Friday, January 21, 2011


It hardly feels like spring, yet a turn has occurred. The light is lasting longer. The dozens of birds and squirrels I feed every day seemed determined to endure for what they know is coming soon enough--the balm of warmth, which will bring an ability to find food and drink on their own, beyond the odd appearance of the seeds and peanut butter on the blue table whenever supplies run low. (They barely fly away when I appear; just up a few feet into the grey branches of the four Rose of Sharon in front of the chimneys; they believe they have trained me to come when they are hungry, just as the dogs believe they have trained the mailman to walk away from their barking.)

The leisurely pace of this transition from winter to spring is convincing. We creatures who live so utterly in our bodies need time to adjust to major shifts; we go into shock under circumstances of quick change. (Perhaps I am writing this tonight because it is the anniversary of my father's shocking, abrupt death, and I feel the weight in my arms of it, the impulse to push time back to before, to push the announcement back into my mother's mouth, to demand the universe to take it back!) We can't understand abrupt change. We need to get to know a new life before we have to live it. We need to become the new version of ourselves who can make the most of a shift in circumstance. Otherwise we are only our old selves adapting to a new circumstance--the body turning around and around.

Last night in class we looked at the turning points in two stories, the moment that had been led up to over a great number of pages. The situations were well described and interesting, and we knew something was going to happen, both from the experience of how stories develop and from the mounting tension within each piece. A transition was ahead! Yet when it arrived, it came and went so quickly that we were past it before we had a chance to notice or feel it. The transition in both instances occurred in the middle of a sentence, or at most, one paragraph. In both instances, the transition came about as a result of the character doing some thinking about his or her situation. Nothing happened to change his mind. He just changed it. This made the words on the page only writing--good as it was. We didn't feel, or believe, or weep. We only read on.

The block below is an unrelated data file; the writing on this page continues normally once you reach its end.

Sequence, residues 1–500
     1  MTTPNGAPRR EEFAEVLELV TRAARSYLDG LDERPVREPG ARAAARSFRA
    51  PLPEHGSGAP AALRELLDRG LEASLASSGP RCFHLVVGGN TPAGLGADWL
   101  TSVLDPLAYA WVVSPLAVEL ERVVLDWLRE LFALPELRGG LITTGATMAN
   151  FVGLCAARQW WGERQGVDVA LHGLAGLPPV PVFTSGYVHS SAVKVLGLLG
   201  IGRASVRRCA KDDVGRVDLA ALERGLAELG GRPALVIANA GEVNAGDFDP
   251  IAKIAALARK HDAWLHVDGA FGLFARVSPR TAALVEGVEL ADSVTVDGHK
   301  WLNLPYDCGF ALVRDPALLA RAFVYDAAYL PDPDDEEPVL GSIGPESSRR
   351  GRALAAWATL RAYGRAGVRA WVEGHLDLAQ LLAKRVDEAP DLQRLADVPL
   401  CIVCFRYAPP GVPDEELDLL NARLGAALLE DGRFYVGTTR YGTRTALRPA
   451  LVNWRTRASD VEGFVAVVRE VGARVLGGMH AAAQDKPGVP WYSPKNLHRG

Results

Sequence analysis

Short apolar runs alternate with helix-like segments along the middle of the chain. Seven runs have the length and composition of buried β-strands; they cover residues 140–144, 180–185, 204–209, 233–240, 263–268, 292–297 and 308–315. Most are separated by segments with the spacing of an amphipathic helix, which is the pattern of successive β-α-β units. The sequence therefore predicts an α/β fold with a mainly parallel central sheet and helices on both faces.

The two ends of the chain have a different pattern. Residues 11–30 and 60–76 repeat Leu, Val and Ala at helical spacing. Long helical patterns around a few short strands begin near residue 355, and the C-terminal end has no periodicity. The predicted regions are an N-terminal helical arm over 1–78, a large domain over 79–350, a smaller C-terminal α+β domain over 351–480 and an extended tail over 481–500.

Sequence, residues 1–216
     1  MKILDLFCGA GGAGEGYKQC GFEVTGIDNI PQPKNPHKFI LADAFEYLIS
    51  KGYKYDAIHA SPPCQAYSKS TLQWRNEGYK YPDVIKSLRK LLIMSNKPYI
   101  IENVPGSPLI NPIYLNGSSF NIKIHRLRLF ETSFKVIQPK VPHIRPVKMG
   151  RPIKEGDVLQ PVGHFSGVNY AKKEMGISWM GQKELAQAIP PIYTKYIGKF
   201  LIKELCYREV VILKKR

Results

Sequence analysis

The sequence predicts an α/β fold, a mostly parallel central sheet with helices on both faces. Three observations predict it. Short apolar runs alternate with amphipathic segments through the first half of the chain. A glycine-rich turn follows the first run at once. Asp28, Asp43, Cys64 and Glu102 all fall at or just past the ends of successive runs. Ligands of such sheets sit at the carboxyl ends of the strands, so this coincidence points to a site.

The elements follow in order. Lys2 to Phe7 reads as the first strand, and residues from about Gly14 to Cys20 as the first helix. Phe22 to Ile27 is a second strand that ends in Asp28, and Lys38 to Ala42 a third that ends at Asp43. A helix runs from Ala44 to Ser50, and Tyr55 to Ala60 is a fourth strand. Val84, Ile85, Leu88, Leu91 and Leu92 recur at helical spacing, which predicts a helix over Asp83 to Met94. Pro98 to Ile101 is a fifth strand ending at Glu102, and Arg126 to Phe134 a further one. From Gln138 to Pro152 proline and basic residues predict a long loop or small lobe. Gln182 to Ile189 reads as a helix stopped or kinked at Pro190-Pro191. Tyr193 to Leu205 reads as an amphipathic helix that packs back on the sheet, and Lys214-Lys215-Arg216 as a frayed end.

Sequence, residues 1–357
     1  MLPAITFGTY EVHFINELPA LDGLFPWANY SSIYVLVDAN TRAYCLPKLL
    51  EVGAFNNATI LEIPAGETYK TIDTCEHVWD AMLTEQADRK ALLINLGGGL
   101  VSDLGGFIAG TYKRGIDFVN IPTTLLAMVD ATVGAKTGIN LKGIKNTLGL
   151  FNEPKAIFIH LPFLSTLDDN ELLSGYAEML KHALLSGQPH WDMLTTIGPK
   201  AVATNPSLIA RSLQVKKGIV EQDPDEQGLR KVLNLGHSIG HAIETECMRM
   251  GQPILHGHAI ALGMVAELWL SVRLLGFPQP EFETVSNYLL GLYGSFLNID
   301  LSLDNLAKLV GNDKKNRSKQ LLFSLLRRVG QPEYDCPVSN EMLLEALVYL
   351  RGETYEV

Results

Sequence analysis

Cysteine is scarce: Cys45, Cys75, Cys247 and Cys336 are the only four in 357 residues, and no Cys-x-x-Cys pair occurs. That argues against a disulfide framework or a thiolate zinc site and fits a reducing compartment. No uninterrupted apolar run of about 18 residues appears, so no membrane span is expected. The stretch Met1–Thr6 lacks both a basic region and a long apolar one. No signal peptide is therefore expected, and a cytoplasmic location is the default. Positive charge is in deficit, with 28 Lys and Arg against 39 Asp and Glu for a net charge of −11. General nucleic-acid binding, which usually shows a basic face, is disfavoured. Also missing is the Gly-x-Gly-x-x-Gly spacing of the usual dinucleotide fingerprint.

What was missing? Drama, and the pacing necessary to convince. In drama, transitions occur because external things happen, things of enough relevance and import that a character will stop his habitual way of thinking long enough to pay attention, and maybe, if he can stay in that place outside himself for long enough, he might be able to grasp a new reality. The something that happens needs to be shown in full, so the reader believes it big enough to break through the character's way of self. We know what it takes to get our attention. Not our shock; but our attention, the gathering of our whole selves around a single point.

Personality is intractable. As Dickens knew, as the Bible knew, it takes ghosts and angels to make people change, and even then, they may only end up as themselves with a new belief system--as when Saul the zealous persecutor became Paul zealous proselytizer. He was still zealous. One supernatural visit wasn't enough to undo that bent. Dickens was more thorough with Scrooge; three ghosts, each visit told in detail. The reader has time to imagine and reflect how he or she might have fared under such circumstances. Yes, three ghosts might actually change a person. I hope that would get through to me!

Was Scrooge just thinking? Perhaps. Yet to externalize it, to give his conscience chain rattling form, is to make it dramatic. His change is slowed down enough for us to accept it--to recognize in it our own hope that all cruel and antisocial people will become benevolent and friendly. Can change happen only in the mind, without an exterior dramatic event mirroring it? Yes and no. When change is interior, time becomes the exterior. Time must be taken to trace the passage of the mind through a transition. A train of thought, yes; and even better, a train of interior experience, with sensual markers. A fully lived interior event.

Most of what is called change in fiction is incremental. It is more of an expansion of vision than a Scrooge-like turnaround. A character sees things through a wider lens than before, and therefore knows a bit more, and therefore might make slightly different choices in the future. 

We live in bodies, as bodies. This is dramatic--we are always always in the universe. Think of that.

(I think of my father on the anniversary of his death. Too much happened to him.)

1 comment:

  1. A friend sent me this today--a perfect postscript.

    "The great struggle in most animals' lives is to avoid change. . . The spectacular flying performances of birds--spanning oceans, deserts and whole continents--tend to obscure the more important fact that the ability to fly confers on them a remarkably useful mechanism to preserve their internal stability, or homeostasis."
    Carl Welty, Birds As Flying Machines, Scientific American, 1955